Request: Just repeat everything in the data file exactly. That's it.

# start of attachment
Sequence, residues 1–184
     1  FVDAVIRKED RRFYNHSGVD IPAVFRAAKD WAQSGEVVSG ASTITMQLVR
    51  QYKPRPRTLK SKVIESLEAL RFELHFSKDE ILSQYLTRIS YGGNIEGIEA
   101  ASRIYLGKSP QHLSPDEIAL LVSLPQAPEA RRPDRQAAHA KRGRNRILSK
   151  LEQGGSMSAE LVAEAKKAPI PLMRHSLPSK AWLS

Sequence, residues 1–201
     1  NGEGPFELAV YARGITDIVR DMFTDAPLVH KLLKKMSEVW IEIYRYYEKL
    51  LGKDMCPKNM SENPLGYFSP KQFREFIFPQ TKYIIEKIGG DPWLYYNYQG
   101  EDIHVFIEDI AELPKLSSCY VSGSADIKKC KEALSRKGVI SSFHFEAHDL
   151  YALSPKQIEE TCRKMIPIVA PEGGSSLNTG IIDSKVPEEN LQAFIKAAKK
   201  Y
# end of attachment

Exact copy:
Sequence, residues 1–184
     1  FVDAVIRKED RRFYNHSGVD IPAVFRAAKD WAQSGEVVSG ASTITMQLVR
    51  QYKPRPRTLK SKVIESLEAL RFELHFSKDE ILSQYLTRIS YGGNIEGIEA
   101  ASRIYLGKSP QHLSPDEIAL LVSLPQAPEA RRPDRQAAHA KRGRNRILSK
   151  LEQGGSMSAE LVAEAKKAPI PLMRHSLPSK AWLS

Sequence, residues 1–201
     1  NGEGPFELAV YARGITDIVR DMFTDAPLVH KLLKKMSEVW IEIYRYYEKL
    51  LGKDMCPKNM SENPLGYFSP KQFREFIFPQ TKYIIEKIGG DPWLYYNYQG
   101  EDIHVFIEDI AELPKLSSCY VSGSADIKKC KEALSRKGVI SSFHFEAHDL
   151  YALSPKQIEE TCRKMIPIVA PEGGSSLNTG IIDSKVPEEN LQAFIKAAKK
   201  Y